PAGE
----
Figure 3: Schematic illustration of the potential detection, by Jupiter missions, of electrons or positrons as a result of dark matter interactions in Jupiter. From https://doi.org/10.1007/JHEP10%282022%29186.
Figure 4: The range of dark matter masses and how various cosmic microwave background experiments relate. From a presentation by Benjamin Wallisch.
The search for light DM is of long-standing urgency in particle physics, and, as such, played a fundamental role at FIPs 2022. In addition to a theory overview talk from Natalia Toro, presentations were given that discussed experimental searches for light DM at Jefferson Lab, Belle II, Fermilab, SLAC, DESY, LNF, and CERN. At CERN, several projects were discussed, such as NA62, NA64, ATLAS, CMS, LHCb, and FASER, as well as proposed projects such as the Forward Physics Facility, FACET, MATHUSLA, CODEX-b, and ANUBIS. The Forward Physics Facility at the LHC is moving forward to a definite proposal in the near future. Two other proposed fixed-target beam-dump experiments to be placed at the SPS were presented, as well. The first is called SHADOWs, a newly proposed experiment for the North Area, and the second is called SHiP, a long-standing proposed project but now anticipated to be placed at a new position for the beam-dump. Both of these projects are presently being reviewed in the SPSC. These facilities have very complementary approaches to searches for FIPs in general.
The origin of neutrino masses and their hierarchy (and relation to other open physics questions) is another long-standing puzzle, and FIPs 2022 was also host to several talks about lepton flavour or number violation and right-handed neutrinos / HNLs. A blast from the past demonstrated that even recasting data from a search for HNLs at the BEBC WA69 experiment from 1982 to search for HNLs can provide useful information to the present ongoing debate. Furthermore, one talk discussed searches for HNLs with neutrino telescopes, while another discussed prospects for the measurement of absolute neutrino masses in cosmology, suggesting a sensitivity to the sum of the neutrino masses of all species down to 0.05 eV. While there is no doubt that neutrino masses induce some non-trivial effects on cosmological observables, a critical review concluded that one however should not over-interpret derived bounds or forecasted sensitivities. Also featured were new results from MicroBooNE searching for HNLs, based on a method using Kaon decays at rest coming from the high energy NUMI neutrino beam, and Higgs-portal scalars and new HNL results from BaBar. Particular attention was paid during this workshop to connecting the compatibility of the HNL search phase space with the measured oscillation parameters of the three known active neutrinos.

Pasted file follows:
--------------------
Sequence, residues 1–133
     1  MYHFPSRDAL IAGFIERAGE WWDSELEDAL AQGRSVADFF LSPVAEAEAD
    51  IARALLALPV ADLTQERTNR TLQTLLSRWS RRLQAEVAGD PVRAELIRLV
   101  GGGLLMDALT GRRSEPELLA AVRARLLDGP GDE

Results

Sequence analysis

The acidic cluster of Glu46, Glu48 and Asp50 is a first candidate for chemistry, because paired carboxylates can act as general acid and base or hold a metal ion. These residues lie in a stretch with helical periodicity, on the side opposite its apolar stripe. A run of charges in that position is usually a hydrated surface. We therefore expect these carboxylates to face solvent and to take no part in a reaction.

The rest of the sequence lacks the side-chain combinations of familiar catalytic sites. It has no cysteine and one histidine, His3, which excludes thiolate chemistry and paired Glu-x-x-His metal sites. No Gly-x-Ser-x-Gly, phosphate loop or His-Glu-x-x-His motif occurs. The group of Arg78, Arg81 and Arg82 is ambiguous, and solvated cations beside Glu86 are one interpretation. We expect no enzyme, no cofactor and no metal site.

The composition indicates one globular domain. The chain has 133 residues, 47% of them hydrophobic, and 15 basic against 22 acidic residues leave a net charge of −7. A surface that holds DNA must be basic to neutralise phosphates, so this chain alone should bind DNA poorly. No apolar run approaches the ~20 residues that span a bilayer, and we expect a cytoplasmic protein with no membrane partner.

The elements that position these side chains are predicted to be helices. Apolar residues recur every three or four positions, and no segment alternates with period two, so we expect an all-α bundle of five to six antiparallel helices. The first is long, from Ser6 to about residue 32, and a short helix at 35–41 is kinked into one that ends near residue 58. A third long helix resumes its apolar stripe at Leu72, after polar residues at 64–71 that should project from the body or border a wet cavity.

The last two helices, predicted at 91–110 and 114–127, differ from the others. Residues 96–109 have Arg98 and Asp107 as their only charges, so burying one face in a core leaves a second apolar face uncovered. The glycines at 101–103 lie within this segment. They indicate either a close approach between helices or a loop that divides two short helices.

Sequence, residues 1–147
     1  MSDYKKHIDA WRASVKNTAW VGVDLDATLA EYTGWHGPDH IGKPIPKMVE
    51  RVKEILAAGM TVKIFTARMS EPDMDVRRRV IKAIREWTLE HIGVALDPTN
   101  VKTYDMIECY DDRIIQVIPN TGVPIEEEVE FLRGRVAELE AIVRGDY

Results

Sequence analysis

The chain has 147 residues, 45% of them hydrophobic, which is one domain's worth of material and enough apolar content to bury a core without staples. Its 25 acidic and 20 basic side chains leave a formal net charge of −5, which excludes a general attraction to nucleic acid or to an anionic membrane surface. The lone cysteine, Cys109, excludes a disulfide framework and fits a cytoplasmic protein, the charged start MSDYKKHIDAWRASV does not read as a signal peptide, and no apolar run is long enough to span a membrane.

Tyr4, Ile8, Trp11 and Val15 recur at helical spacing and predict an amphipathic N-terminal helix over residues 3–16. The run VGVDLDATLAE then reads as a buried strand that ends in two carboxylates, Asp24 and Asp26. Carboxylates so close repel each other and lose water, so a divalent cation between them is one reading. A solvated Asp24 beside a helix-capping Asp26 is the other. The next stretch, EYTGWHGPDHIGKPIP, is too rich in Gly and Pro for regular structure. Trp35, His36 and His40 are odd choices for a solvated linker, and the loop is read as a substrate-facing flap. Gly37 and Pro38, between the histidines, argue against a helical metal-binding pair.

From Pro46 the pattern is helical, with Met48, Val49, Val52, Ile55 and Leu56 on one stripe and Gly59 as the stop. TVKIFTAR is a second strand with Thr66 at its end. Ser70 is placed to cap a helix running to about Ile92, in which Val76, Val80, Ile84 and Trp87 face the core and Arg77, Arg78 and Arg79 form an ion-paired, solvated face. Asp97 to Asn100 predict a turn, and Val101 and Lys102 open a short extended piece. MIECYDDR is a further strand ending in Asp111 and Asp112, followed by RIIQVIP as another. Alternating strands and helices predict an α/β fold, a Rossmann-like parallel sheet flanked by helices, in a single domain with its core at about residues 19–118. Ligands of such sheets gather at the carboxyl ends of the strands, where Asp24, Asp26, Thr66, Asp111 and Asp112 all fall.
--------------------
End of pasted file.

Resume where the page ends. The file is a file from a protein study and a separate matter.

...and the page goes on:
The future of FIPs searches was also very much on the minds of the workshop attendees, and talks were featured about FIPs searches at the proposed Future Circular Collider running in e+e- mode, as well as DUNE and HyperK, always with comparisons to what has been and can be achieved at the LHC and other collider experiments. For example, searching for HNL decays in Tera-Z runs will lead to sensitivities to better than 10-10 in the mixing parameter for HNL masses in the range of a few 10s of GeV, while the high intensity proton beams at future neutrino experiments can lead to the most sensitive results for HNLs with coupling to the second lepton generation and masses below the kaon mass.
Figure 5: Exclusions of and sensitivity of various experiments to heavy neutral leptons that couple solely to muons. From https://doi.org/10.48550/arXiv.2203.08039
Overall, the FIPs 2022 workshop was a great success, and a worthy successor to FIPs 2020. The event underscored the rich and broad program of FIPs searches around the globe, and emphasized that a more regular meeting of experts working to discover FIPs in such disparate but closely related fields such as collider physics, astroparticle physics, cosmology, gravitation wave detection, atom interferometry, and precision measurements will be vital. To this end, a proceedings document from FIPs 2022 is in preparation and further workshops will be announced in the future.